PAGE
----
nep-dge New Economics Papers
on Dynamic General Equilibrium
Issue of 2010‒02‒20
eleven papers chosen by
Christian Zimmermann
University of Connecticut

  1. Sacrifice ratio or welfare gain ratio? Disinflation in a DSGE monetary model By Guido Ascari; Tiziano Ropele
  2. Credit and banking in a DSGE model of the euro area By Andrea Gerali; Stefano Neri; Luca Sessa; Federico M. Signoretti
  3. Monetary Policy Rules and the Effects of Fiscal Policy By Kudoh, Noritaka; Nguyen, Hong Thang
  4. Limited Capital Market Participation and Human Capital Risk By Jonathan Berk; Johan Walden
  5. Unions, Monetary Shocks and the Labour Market Cycle. By Gonzalo Fernández-de-Córdoba; Jesús Vázquez
  6. Non-linear DSGE Models and The Optimized Particle Filter By Martin M. Andreasen
  7. On the interaction between public investment and private capital in economic growth By Alberto Bucci; Chiara Del Bo
  8. Comment on "Letting different views about business cycles compete" By Jonas D. M. Fisher
  9. Macroeconomic implications of agglomeration By Morris A. Davis; Jonas D. M. Fisher; Toni M. Whited
  10. Population, Innovation, Competition and Growth with and without Human Capital Investment By Alberto Bucci

  1. By: Guido Ascari (University of Pavia and Kiel Institute for the World Economy); Tiziano Ropele (Bank of Italy and Kiel Institute for the World Economy JEL classification: E31, E5)
    Abstract: When taken to examine disinflation monetary policies, the current workhorse DSGE model of business cycle fluctuations successfully accounts for the main stylized facts in terms of recessionary effects and sacrifice ratio. We complement the transitional analysis of the short-run costs with a rigorous welfare evaluation and show that, despite the long-lasting economic downturn, disinflation entails non-zero overall welfare gains.
    Keywords: disinflation, sacrifice ratio, non-linearities
    Date: 2010–01
  2. By: Andrea Gerali (Bank of Italy); Stefano Neri (Bank of Italy); Luca Sessa (Bank of Italy); Federico M. Signoretti (Bank of Italy)
    Abstract: This paper studies the role of credit-supply factors in business cycle fluctuations. For this purpose, we introduce an imperfectly competitive banking sector into a DSGE model with financial frictions. Banks issue collateralized loans to both households and firms, obtain funding via deposits and accumulate capital from retained earnings. Margins charged on loans depend on bank capital-to-assets ratios and on the degree of interest rate stickiness. Bank balance-sheet constraints establish a link between the business cycle, which affects bank profits and thus capital, and the supply and cost of loans. The model is estimated with Bayesian techniques using data for the euro area. The analysis delivers the following results. First, the existence of a banking sector partially attenuates the effects of demand shocks, while it helps propagate supply shocks. Second, shocks originating in the banking sector explain the largest share of the fall of output in 2008 in the euro area, while macroeconomic shocks played a limited role. Third, an unexpected destruction of bank capital has a substantial impact on the real economy and particularly on investment.
    Keywords: collateral constraints, banks, banking capital, sticky interest rates
    JEL: E30 E32 E43 E51 E52
    Date: 2010–01
  3. By: Kudoh, Noritaka; Nguyen, Hong Thang
    Abstract: We explore the implications of adopting a Taylor-type interest-rate rule in a simple monetary growth model in which budget deficits are financed partly by unbacked government debt. To ensure uniqueness of the steady-state equilibrium, monetary policy cannot be either too "active" or too "passive". The effects of fiscal policy depend crucially on whether monetary policy is active or passive, and are independent of the "tightness" of monetary policy.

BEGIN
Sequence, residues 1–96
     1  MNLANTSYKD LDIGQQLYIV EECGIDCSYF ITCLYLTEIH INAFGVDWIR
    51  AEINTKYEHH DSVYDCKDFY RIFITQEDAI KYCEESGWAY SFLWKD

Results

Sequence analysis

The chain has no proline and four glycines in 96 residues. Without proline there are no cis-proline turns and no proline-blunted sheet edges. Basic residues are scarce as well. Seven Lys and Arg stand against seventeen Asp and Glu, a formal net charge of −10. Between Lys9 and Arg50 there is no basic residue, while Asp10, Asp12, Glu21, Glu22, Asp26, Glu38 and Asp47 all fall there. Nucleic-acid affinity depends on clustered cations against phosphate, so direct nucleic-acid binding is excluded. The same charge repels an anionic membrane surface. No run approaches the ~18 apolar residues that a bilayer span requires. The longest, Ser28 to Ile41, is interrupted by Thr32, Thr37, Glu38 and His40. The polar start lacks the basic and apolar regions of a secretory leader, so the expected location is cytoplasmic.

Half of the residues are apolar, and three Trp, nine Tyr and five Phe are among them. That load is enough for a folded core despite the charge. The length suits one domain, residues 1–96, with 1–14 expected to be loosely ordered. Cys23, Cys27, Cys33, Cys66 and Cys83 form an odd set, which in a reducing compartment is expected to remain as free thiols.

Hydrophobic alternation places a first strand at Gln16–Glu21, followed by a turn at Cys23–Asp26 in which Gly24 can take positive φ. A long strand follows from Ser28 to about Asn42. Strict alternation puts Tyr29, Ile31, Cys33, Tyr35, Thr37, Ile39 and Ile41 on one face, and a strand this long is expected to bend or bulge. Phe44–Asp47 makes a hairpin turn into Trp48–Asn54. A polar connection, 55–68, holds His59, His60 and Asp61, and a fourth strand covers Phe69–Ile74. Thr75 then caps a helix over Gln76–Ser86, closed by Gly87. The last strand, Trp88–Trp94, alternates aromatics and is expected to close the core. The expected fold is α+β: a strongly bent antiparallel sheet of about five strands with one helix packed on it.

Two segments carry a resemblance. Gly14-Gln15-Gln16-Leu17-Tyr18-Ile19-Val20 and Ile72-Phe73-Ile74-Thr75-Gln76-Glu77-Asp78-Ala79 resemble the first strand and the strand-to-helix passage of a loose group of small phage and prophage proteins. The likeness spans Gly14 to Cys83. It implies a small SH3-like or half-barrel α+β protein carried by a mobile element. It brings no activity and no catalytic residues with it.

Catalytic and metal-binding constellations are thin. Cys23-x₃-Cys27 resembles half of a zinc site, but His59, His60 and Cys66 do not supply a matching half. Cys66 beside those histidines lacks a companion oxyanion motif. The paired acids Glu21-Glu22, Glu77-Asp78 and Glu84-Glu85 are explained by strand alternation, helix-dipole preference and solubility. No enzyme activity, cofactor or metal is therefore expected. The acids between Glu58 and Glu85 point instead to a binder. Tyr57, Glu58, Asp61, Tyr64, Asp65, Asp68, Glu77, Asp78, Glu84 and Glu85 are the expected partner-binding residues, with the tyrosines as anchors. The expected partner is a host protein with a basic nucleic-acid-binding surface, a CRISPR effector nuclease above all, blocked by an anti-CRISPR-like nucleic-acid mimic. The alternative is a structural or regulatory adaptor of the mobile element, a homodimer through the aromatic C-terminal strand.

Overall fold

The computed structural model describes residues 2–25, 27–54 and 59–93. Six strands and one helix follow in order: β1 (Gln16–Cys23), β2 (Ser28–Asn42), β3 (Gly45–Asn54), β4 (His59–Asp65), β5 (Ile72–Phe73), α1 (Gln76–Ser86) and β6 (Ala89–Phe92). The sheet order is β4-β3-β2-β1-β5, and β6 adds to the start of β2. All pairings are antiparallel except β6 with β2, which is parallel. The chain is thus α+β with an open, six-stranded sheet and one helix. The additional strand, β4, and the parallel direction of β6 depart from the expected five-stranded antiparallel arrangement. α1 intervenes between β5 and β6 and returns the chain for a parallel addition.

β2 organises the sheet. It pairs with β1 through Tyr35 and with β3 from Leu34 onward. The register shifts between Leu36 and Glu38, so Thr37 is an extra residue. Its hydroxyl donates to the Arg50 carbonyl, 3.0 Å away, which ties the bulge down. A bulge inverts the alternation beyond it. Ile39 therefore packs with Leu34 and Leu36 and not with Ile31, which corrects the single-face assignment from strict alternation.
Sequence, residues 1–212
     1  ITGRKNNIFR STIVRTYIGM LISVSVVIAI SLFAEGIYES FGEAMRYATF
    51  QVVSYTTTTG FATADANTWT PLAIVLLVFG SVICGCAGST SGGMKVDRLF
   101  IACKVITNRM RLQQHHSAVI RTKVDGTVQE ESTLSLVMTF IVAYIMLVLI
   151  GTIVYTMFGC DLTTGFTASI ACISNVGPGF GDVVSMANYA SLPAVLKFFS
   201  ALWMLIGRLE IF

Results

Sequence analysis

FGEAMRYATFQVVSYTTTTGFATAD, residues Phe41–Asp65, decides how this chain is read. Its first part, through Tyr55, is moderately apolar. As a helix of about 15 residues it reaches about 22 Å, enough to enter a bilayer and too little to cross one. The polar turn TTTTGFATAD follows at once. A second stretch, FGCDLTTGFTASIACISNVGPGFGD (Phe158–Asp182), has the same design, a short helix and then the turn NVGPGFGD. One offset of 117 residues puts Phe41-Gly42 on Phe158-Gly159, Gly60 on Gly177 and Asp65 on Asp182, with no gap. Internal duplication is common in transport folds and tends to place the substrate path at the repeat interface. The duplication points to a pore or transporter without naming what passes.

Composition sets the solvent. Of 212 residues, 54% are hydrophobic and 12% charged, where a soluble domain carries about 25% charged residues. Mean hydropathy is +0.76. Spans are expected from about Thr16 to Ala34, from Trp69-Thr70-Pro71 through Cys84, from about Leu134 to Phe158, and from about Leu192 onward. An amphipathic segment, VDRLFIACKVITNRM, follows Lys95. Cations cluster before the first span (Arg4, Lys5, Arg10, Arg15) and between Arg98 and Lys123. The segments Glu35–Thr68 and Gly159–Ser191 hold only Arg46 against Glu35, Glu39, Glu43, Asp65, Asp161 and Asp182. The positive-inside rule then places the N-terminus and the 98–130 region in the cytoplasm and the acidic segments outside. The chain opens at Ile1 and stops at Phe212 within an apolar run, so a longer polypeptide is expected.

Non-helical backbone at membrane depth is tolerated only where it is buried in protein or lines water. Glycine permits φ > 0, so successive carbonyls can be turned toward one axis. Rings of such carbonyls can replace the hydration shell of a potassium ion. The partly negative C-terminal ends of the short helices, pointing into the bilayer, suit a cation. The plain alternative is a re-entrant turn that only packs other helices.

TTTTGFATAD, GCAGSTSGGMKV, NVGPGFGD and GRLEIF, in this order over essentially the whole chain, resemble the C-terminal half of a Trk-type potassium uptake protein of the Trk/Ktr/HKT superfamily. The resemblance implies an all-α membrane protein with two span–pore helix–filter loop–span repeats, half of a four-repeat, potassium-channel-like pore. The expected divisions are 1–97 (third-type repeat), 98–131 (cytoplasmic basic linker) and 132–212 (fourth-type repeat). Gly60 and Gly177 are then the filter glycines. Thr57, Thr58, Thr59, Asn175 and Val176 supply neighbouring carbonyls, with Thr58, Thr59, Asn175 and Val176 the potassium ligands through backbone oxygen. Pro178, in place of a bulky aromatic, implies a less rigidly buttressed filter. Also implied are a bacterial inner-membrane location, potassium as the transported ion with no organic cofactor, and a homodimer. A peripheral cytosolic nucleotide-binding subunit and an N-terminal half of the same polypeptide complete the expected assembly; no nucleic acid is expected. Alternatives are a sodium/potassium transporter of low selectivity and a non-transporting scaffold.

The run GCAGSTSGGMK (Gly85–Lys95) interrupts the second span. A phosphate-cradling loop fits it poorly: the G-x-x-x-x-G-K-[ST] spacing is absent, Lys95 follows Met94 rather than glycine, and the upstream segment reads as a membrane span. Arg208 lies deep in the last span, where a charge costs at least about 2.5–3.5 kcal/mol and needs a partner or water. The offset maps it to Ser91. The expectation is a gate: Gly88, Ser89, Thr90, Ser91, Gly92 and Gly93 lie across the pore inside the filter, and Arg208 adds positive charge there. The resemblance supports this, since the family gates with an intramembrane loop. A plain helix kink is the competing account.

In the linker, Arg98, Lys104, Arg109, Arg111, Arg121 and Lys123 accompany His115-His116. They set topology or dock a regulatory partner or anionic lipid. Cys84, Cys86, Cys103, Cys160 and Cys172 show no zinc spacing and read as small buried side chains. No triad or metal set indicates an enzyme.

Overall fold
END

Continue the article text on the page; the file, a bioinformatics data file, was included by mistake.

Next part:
Keywords: monetary policy rules, fiscal policy, overlapping generations,
    JEL: E52 E62 H62 H63
    Date: 2010–02
  4. By: Jonathan Berk; Johan Walden
    Abstract: The non-tradability of human capital is often cited for the failure of traditional asset pricing theory to explain agents' portfolio holdings. In this paper we argue that the opposite might be true --- traditional models might not be able to explain agent portfolio holdings because they do not explicitly account for the fact that human capital does trade (in the form of labor contracts). We derive wages endogenously as part of a dynamic equilibrium in a production economy. Risk is shared in labor markets because firms write bilateral labor contracts that insure workers, allowing agents to achieve a Pareto optimal allocation even when the span of asset markets is restricted to just stocks and bonds. Capital markets facilitate this risk sharing because it is there that firms offload the labor market risk they assumed from workers. In effect, by investing in capital markets investors provide insurance to wage earners who then optimally choose not to participate in capital markets. The model can produce some of the most important stylized facts in asset pricing: (1) limited asset market participation, (2) the seemingly high equity risk premium, (3) the very large disparity in the volatility of consumption and the volatility of asset prices, and (4) the time dependent correlation between consumption growth and asset returns.
    JEL: G11 G12 J24
    Date: 2010–01
  5. By: Gonzalo Fernández-de-Córdoba (Universidad de Málaga); Jesús Vázquez (Universidad del País Vasco)
    Abstract: This paper provides a new growth model by considering strategic behaviour in the supply of labour. Workers form a labour union with the aim of manipulating wages in their own benefit. We analyse the implications on labor market dynamics at business cycle frequencies of getting away from the price-taking assumption. A calibrated monetary version of the union model does quite a reasonable job in replicating the dynamic features of labour market variables observed in post-war U.S. data.
    Keywords: Labour union, productivity versus monetary shocks, business cycle
    JEL: E24 E32
    Date: 2010–02–10
  6. By: Martin M. Andreasen (Bank of England and CREATES)